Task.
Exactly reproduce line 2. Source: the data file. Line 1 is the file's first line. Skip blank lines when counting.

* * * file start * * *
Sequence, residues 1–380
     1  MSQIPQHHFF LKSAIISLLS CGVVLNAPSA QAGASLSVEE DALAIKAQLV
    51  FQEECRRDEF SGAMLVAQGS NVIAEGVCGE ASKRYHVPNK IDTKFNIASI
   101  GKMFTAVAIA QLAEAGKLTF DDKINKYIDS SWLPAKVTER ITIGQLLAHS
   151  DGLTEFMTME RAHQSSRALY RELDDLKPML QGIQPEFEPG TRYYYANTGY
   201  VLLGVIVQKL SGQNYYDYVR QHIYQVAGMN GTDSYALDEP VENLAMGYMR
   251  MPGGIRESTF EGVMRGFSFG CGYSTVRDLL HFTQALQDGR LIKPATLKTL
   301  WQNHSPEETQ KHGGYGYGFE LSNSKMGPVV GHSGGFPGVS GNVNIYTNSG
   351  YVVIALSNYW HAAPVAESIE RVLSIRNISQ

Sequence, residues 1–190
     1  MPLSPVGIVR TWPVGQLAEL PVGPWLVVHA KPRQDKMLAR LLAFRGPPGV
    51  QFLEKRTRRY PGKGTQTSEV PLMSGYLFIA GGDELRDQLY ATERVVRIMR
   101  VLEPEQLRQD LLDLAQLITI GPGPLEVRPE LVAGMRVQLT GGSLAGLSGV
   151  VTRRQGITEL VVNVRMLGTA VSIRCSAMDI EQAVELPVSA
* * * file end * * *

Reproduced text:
     1  MSQIPQHHFF LKSAIISLLS CGVVLNAPSA QAGASLSVEE DALAIKAQLV